USDA designates 2 Colorado and 7 Kansas counties as primary natural disaster areas | TheFencePost.com
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USDA designates 2 Colorado and 7 Kansas counties as primary natural disaster areas

U.S. Department of Agriculture

WASHINGTON — Agriculture Secretary Sonny Perdue designated two Colorado counties as primary natural disaster areas. Producers in Chaffee and Fremont counties who suffered losses due to recent drought, may be eligible for U.S. Department of Agriculture Farm Service Agency emergency loans.

This natural disaster designation allows FSA to extend much-needed emergency credit to producers recovering from natural disasters. Emergency loans can be used to meet various recovery needs including the replacement of essential items such as equipment or livestock, reorganization of a farming operation or the refinance of certain debts.

Producers in the contiguous Colorado counties of Custer, El Paso, Gunnison, Lake, Park, Pitkin, Pueblo, Saguache, and Teller, are also eligible to apply for emergency loans.

The deadline to apply for these emergency loans is March 16, 2021.

Seven Kansas counties were designated as primary natural disaster areas. Producers who suffered losses due to recent natural disasters may be eligible for USDA FSA emergency loans.

This natural disaster designation allows FSA to extend much-needed emergency credit to producers recovering from natural disasters. Emergency loans can be used to meet various recovery needs including the replacement of essential items such as equipment or livestock, reorganization of a farming operation or the refinance of certain debts.

Drought

Producers in Seward and Wallace counties who suffered losses due to recent drought, may be eligible for emergency loans.

Producers in the contiguous Kansas counties of Greeley, Haskell, Logan, Meade, Sherman, Stevens, and Wichita, as well as Cheyenne and Kit Carson counties in Colorado, and Beaver and Texas counties in Oklahoma, are also eligible to apply for emergency loans.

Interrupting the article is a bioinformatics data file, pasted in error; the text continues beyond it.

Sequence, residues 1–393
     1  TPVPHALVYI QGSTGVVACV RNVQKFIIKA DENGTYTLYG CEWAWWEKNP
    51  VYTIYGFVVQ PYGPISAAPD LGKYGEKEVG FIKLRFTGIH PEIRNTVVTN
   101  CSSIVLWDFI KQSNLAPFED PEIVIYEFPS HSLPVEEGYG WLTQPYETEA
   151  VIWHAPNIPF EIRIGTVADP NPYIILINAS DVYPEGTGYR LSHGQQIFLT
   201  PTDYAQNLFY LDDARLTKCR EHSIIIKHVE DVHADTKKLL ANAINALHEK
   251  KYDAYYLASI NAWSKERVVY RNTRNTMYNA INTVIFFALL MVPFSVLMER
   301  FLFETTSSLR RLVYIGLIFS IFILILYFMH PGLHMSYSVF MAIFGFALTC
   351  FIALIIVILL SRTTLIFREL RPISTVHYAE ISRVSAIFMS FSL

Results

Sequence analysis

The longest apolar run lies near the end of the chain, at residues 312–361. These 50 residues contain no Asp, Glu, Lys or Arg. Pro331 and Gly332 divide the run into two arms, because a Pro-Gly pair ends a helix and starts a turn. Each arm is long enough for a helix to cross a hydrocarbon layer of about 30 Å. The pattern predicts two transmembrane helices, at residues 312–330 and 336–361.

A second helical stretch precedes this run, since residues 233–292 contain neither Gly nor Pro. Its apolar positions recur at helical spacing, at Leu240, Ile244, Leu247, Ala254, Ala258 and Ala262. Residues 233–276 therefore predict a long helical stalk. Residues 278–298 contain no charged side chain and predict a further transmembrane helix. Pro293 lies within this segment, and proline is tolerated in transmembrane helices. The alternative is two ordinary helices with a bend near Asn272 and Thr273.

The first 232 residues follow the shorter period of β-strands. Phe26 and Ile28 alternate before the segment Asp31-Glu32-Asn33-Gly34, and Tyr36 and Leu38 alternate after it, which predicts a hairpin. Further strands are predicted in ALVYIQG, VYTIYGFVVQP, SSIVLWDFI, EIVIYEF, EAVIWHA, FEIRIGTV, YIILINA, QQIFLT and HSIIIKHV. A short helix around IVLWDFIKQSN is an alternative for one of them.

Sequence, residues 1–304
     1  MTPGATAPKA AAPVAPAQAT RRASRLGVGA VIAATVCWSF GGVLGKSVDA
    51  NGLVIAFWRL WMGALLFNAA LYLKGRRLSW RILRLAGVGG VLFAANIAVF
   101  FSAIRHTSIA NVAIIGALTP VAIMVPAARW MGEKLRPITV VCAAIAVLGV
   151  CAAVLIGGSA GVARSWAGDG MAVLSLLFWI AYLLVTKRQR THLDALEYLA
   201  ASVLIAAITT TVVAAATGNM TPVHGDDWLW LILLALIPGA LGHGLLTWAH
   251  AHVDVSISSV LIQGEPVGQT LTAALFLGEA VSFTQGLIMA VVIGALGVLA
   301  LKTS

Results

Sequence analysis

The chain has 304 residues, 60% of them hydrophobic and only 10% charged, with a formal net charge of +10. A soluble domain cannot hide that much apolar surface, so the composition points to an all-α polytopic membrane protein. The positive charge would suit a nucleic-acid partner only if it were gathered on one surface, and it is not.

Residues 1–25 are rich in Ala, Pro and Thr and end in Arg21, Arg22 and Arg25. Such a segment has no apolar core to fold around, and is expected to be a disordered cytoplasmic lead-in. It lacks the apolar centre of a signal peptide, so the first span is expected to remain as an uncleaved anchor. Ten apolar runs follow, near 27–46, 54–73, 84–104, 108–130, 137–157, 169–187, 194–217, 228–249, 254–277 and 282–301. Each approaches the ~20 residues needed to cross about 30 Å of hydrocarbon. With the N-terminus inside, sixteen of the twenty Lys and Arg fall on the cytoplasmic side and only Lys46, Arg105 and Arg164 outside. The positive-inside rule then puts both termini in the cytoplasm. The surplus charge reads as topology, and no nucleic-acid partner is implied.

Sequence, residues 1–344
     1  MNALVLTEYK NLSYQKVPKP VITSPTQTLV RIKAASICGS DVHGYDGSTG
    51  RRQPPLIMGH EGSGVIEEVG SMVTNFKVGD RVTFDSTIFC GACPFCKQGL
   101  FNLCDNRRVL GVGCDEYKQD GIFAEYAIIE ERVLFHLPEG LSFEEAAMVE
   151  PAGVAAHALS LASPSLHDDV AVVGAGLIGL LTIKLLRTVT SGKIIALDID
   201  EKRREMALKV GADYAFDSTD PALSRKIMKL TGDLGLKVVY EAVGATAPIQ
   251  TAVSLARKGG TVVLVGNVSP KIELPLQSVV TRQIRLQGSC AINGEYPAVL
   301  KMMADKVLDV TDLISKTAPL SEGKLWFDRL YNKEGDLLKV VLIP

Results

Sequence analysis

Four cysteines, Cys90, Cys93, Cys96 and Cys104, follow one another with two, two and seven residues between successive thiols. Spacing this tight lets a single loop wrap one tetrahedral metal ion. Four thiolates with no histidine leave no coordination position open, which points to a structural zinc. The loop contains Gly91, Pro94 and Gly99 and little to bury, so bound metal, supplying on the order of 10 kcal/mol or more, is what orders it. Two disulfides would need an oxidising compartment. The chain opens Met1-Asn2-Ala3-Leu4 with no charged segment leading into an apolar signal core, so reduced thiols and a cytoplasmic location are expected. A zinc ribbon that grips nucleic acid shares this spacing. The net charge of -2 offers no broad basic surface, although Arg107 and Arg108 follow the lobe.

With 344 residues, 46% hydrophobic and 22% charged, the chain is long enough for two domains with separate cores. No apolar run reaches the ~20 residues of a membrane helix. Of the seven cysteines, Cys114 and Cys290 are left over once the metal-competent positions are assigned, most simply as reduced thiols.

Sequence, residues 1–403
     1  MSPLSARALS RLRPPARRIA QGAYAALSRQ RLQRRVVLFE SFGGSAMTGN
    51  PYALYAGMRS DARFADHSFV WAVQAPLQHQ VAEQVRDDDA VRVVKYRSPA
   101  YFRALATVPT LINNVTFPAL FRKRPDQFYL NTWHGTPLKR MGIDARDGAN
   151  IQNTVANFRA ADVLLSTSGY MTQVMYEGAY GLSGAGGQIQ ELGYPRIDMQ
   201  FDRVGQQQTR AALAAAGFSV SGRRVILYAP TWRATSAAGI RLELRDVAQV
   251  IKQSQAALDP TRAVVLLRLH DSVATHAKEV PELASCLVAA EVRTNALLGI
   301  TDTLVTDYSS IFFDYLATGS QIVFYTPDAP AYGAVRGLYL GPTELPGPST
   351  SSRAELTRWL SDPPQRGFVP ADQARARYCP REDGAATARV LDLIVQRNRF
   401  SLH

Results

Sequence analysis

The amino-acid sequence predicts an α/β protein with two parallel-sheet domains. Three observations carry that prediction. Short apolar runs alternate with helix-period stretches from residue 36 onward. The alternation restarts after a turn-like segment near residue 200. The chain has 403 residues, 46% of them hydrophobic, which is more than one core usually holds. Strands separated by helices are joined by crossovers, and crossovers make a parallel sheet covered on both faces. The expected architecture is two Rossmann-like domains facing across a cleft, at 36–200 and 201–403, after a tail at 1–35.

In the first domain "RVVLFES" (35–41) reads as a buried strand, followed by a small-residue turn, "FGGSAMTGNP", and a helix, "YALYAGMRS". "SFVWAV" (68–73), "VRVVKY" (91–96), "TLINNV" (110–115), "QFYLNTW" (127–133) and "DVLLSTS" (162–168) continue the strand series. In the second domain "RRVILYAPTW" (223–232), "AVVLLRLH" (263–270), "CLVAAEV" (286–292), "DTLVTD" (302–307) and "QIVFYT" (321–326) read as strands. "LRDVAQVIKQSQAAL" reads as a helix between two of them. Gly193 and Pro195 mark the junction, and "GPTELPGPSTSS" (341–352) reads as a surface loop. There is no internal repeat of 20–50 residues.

Freeze – April 12-17

Producers in Ellsworth and Lincoln counties who suffered losses due to a freeze that occurred April 12 through April 17, 2020, may be eligible for emergency loans.

Producers in the contiguous Kansas counties of Barton, McPherson, Mitchell, Osborne, Ottawa, Rice, Russell, and Saline, are also eligible to apply for emergency loans.

Freeze – April 13-15

Producers in Ellis County who suffered losses due to a freeze that occurred April 13-15, 2020, may be eligible for emergency loans.

Producers in the contiguous Kansas counties of Ness, Osborne, Rooks, Rush, Russell, and Trego, are also eligible to apply for emergency loans.

Freeze – April 13

Producers in Smith County who suffered losses due to a freeze that occurred on April 13, 2020, may be eligible for emergency loans.

Producers in the contiguous Kansas counties of Jewell, Osborne, Phillips, and Rooks, along with Franklin and Webster counties in Nebraska, are also eligible to apply for emergency loans.

Freeze – April 14

Producers in Russell County who suffered losses due to a freeze that occurred on April 14, 2020, may be eligible for emergency loans.

Producers in the contiguous Kansas counties of Barton, Ellis, Ellsworth, Lincoln, Osborne, and Rush, are also eligible to apply for emergency loans.

The deadline to apply for these emergency loans is March 16, 2021.

FSA will review the loans based on the extent of losses, security available and repayment ability.

FSA has a variety of additional programs to help farmers recover from the impacts of this disaster. FSA programs that do not require a disaster declaration include: Emergency Assistance for Livestock, Honeybees and Farm-Raised Fish Program; Emergency Conservation Program; Livestock Forage Disaster Program; Livestock Indemnity Program; Operating and Farm Ownership Loans; and the Tree Assistance Program.

Farmers may contact their local USDA service center for further information on eligibility requirements and application procedures for these and other programs. Additional information is also available online at farmers.gov/recover. ❖


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